Hegemony, initially a term referring to the dominance of one state within a confederation, is now generally understood to mean domination by consent. This broader meaning was coined and popularized in the 1930s by Italian Marxist Antonio Gramsci, who investigated why the ruling class was so successful in promoting its own interests in society. Fundamentally, hegemony is the power of the ruling class to convince other classes that their interests are the interests of all. Domination is thus exerted not by force, nor even necessarily by active persuasion, but by a more subtle and inclusive power over the economy, and over state apparatuses such as education and the media, by which the ruling class’s interest is presented as the common interest and thus comes to be taken for granted.
The term is useful for describing the success of imperial power over a colonized people who may far outnumber any occupying military force, but whose desire for self-determination has been suppressed by a hegemonic notion of the greater good, often couched in terms of social order, stability and advancement, all of which are defined by the colonizing power. Hegemony is important because the capacity to influence the thought of the colonized is by far the most sustained and potent operation of imperial power in colonized regions. Indeed, an ‘empire’ is distinct from a collection of subject states forcibly controlled by a central power by virtue of the effectiveness of its cultural hegemony. Consent is achieved by the interpellation of the colonized subject by imperial discourse so that Euro-centric values, assumptions, beliefs and attitudes are accepted as a matter of course as the most natural or valuable. The inevitable consequence of such interpellation is that the colonized subject understands itself as peripheral to those Euro-centric values, while at the same time accepting their centrality.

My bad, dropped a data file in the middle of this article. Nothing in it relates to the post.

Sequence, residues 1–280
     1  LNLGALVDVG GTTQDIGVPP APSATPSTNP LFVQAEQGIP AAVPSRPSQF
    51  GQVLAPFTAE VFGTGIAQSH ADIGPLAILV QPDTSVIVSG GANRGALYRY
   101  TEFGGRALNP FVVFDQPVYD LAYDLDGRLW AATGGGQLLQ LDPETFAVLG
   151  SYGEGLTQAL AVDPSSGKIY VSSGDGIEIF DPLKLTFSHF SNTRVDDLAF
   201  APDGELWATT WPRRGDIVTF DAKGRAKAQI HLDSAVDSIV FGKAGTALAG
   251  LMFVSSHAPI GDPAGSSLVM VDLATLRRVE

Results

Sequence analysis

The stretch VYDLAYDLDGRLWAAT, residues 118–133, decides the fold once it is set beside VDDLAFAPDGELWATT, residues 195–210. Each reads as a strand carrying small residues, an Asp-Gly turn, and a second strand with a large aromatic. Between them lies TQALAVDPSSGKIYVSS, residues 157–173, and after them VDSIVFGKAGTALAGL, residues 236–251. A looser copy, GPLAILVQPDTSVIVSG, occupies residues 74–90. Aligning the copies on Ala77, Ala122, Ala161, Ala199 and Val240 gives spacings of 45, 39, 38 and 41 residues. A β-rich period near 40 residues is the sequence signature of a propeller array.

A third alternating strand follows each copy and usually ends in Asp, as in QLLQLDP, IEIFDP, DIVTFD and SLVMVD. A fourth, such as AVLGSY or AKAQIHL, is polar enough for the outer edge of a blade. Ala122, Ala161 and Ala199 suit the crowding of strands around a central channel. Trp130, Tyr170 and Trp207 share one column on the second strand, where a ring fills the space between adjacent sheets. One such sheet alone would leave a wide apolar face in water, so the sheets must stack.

A classic example of the operation of hegemonic control is given by Gauri Viswanathan, who shows how ‘the humanistic functions traditionally associated with the study of literature – for example, the shaping of character or the development of the aesthetic sense or the disciplines of ethical thinking – can be vital in the process of sociopolitical control’ (1987: 2). Such control was maintained by the British government when it took responsibility for education in India after the Charter Act of 1813. Searching for a method of communicating the values of Western civilization to Indians which avoided offending their Hindu sensibilities, the administration discovered the power of English literature as a vehicle for imperial authority. ‘The strategy of locating authority in these texts all but effaced the sordid history of colonialist expropriation, material exploitation, and class and race oppression behind European world dominance . . . the English literary text functioned as a surrogate Englishman in his highest and most perfect state’ (Viswanathan 1987: 23). This Englishman was, at the same time, the embodiment of universal human values. As Viswanathan puts it, the ‘split between the material and the discursive practices of colonialism is nowhere sharper than in the progressive refraction of the rapacious, exploitative and ruthless actor of history into the reflective subject of literature’ (22–23). This refraction is a precise demonstration of one mode of hegemonic control. It proved a particularly effective one because the discourse of English literature was disseminated with its attendant spiritual values, cultural assumptions, social discriminations, racial prejudices and humanistic values more or less intact.
Source: Post-colonial Studies The Key Concepts Second edition Bill Ashcroft, Gareth Griffiths and Helen Tiffin, Routledge 2007.
Further reading: Bharucha 1997; Gramsci 1988, 1991; Olson and Worsham 1999; San Juan 1995; Viswanathan 1989.